“Lost, not gone. There’s a difference. If something’s lost, it can be found.”
The first feature from PlayStation Productions was the obvious choice and yet also perhaps the most misguided — Naughty Dog’s Uncharted videogame franchise was designed as a cinematic experience, drawing inspiration from the likes of Indiana Jones, but this also means there is little more for a live action production to offer. Practical effects might have provided more grounded, visceral action; instead the action is so obviously green-screened — with videogamey CGI (particularly in aerial sequences) and conspicuous cutting around stunt performers — that the non-interactive experience offers no discernible benefit. Time has also diminished the film’s relevance, as Drake’s videogame journey concluded six years ago. In fact, Uncharted was stuck in pre-production for so long that Mark Wahlberg aged out of consideration for Nathan Drake and into the role of his mentor. Casting a further shadow is how perfect Nathan Fillion would have been for the role of Drake (as demonstrated in a wonderful little fan film — over the intervening four years it became a running joke that I would bring it up as the “real” Uncharted film). Tom Holland provides the requisite charm but not quite enough swagger, and his young Drake feels ill-formed as a character, whilst the rest of the cast is a rogue’s gallery of predictable and shallow caricatures. The story of hunting for the lost gold of Magellan is serviceable with a few moments of intrigue, like Drake learning to test his companion’s trustworthiness, but there is no soul to this adventure. Perhaps it is only lost; I fear it is gone.
“When you love something, you protect it. It’s the most natural thing in the world.”
A millenia-spanning epic about immortal beings sent to Earth to shepherd humanity and the growth of civilisation, Eternals is one of the most experimental films within the MCU to date, handed to critically acclaimed independent film director Chloé Zhao. Although it is a flawed film, I think it is unfairly maligned by those who criticise the limited plot, when Eternals is deliberately written in a more thematic manner. The greater structural flaws are in pacing and in the manner that characters are introduced: the bulk of the film occurs as the Eternals reunite in present day, but these reunions are robbed of weight when we have to guess at the relationships which existed before, helped little by disjointed jumps through the ages to flesh out their familial conflicts. Time is spread thinly across the large ensemble cast. Eternals may be the most visually cohesive Marvel film to date, with its intricate golden art design and costuming, complementary visual effects for their powers, and beautiful cinematography — cinematographer Ben Davis was also responsible for the previous title holder, Doctor Strange. This extends to compellingly choreographed fight scenes — when the Eternals fight it often feels like a physical manifestation of differences of opinion. The most compelling concept is the idea of ageless beings searching for purpose amongst mortals, yet we see only glimpses through where they have ended up, some prioritising a dynastic career or family, whilst others find themselves inescapably isolated. Eternals‘ timing closely following the Infinity Saga is unfortunate in that it retreads Thanos’ quandary as to the justification of sacrificing life in order to allow more to flourish. I cannot help but feel that the film would have fared better unshackled from the expectations of fitting into a shared universe, particularly one in which they drastically escalate the power level as street level heroes become increasingly inconsequential against the likes of Celestials.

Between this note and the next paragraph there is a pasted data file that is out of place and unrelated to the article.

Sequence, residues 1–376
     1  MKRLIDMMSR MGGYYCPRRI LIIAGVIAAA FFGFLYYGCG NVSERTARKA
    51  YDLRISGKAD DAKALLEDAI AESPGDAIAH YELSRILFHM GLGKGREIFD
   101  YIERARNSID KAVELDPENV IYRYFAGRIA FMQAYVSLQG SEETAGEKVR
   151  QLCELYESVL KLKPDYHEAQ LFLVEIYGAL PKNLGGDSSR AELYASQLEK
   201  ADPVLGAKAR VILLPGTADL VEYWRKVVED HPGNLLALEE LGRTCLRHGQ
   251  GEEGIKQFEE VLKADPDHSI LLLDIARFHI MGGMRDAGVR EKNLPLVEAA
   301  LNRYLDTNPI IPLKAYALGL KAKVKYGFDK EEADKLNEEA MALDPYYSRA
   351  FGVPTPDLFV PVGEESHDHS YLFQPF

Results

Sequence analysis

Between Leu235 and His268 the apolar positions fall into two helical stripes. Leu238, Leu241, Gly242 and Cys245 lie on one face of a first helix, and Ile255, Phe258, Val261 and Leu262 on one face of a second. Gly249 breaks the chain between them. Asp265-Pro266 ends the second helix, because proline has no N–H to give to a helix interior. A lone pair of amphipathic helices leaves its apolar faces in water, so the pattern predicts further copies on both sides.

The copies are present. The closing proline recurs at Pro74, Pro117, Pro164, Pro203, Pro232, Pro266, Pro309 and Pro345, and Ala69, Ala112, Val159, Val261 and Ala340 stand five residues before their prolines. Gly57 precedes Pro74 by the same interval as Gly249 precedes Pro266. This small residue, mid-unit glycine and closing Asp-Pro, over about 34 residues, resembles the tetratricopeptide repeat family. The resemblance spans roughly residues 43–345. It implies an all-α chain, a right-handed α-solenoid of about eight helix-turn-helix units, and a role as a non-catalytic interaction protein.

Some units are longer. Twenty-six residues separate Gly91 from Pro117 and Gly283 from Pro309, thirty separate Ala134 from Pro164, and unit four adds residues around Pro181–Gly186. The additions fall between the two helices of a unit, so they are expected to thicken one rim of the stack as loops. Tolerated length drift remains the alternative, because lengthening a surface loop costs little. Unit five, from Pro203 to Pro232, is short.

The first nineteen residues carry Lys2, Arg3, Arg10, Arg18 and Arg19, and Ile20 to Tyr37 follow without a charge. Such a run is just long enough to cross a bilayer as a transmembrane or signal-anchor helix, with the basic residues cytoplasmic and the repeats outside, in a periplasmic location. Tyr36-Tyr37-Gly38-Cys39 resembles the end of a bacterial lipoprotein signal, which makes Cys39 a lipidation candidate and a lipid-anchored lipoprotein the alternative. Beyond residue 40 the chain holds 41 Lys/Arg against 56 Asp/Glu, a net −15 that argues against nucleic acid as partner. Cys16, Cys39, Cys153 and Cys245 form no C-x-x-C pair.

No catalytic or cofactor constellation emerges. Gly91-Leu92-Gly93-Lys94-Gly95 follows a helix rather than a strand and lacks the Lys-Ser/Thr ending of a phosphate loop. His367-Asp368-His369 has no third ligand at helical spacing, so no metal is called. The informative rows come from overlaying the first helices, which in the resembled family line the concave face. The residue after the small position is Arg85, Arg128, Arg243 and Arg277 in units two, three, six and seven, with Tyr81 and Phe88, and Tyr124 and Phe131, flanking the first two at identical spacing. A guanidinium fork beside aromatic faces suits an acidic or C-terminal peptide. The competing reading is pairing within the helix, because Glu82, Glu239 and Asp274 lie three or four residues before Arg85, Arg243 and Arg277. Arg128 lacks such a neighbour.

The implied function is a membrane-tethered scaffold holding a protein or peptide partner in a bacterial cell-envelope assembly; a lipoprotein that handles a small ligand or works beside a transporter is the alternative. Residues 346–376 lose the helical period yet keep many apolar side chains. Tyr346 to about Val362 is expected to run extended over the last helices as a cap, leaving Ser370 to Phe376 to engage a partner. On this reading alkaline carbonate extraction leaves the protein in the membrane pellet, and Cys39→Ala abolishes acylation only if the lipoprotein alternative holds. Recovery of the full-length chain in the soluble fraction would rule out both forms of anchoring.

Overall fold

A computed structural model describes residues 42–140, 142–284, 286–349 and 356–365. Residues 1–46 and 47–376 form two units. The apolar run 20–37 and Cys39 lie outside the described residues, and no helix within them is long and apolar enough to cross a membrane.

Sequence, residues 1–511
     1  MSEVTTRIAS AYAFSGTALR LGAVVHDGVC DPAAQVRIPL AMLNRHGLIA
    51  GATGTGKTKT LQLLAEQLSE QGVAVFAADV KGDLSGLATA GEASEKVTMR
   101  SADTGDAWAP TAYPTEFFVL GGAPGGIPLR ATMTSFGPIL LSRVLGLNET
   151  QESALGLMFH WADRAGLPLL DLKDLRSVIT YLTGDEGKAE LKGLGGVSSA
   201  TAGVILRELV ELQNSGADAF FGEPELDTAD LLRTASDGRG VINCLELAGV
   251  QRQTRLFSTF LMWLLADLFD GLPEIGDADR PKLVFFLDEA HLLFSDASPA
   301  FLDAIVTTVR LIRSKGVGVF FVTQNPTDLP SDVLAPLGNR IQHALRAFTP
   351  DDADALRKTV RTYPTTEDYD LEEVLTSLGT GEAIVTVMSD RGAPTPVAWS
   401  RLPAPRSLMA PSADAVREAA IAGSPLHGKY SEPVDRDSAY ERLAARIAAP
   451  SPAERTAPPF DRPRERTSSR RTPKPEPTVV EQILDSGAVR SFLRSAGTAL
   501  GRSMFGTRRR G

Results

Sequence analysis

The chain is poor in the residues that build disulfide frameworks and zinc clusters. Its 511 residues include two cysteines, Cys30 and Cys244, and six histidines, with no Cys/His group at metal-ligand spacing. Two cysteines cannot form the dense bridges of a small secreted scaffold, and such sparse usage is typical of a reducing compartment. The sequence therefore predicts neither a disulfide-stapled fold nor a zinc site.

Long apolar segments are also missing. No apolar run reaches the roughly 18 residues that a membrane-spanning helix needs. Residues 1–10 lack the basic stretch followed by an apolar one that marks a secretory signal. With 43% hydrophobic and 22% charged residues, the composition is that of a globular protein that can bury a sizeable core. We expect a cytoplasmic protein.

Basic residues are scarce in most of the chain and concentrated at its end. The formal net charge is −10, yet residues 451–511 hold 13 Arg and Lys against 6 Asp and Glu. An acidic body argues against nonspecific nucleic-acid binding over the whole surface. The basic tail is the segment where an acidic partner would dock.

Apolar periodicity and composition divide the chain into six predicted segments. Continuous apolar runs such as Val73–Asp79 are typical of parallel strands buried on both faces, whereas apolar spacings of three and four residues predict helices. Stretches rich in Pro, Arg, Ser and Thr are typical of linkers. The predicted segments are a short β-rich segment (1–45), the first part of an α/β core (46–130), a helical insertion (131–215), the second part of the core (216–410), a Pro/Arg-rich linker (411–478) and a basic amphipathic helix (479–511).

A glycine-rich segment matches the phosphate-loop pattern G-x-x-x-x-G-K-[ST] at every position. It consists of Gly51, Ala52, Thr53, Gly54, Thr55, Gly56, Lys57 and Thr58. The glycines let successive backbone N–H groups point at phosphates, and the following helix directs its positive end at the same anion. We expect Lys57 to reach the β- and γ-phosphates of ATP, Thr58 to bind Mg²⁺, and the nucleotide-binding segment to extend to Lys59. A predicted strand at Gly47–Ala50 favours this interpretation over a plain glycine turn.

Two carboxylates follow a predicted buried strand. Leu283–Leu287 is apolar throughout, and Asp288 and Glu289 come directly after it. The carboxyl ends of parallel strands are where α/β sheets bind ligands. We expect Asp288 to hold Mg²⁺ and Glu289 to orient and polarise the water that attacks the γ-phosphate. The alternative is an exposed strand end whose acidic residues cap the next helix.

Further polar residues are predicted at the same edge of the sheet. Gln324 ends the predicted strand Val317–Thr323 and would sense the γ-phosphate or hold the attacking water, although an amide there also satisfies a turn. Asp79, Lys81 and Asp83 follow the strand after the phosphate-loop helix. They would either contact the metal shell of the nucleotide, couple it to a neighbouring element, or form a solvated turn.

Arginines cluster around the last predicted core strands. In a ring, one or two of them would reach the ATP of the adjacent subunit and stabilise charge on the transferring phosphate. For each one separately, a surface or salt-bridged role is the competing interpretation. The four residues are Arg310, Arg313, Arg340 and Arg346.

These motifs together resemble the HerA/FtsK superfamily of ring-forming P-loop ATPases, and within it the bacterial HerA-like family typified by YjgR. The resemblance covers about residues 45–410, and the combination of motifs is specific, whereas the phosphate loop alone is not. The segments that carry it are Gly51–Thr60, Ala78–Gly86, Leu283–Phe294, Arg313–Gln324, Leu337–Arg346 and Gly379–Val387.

“For orcs, there is no other life but war, but with the humans, there could be.”
Warcraft seemed like a fitting way to kick off my mini-break around the E3 gaming convention. Where it succeeds is in bringing Blizzard’s chunky character design to life. The Orcs in particular are stunningly rendered, their actors unrecognisable yet able to convey a range of emotion. Sadly the script attempts far too much in convoluted plotting, at the expense of worldbuilding and character moments. Many gamers may be familiar with Azeroth but newcomers will see nothing more than a generic fantasy world. Whilst the $160 million budget allows a real sense of scale to the battles, the stakes are only ever as high as our investment in the characters, and there is scant opportunity for this to develop. This is a particular shame as some of those quieter moments are the film’s best.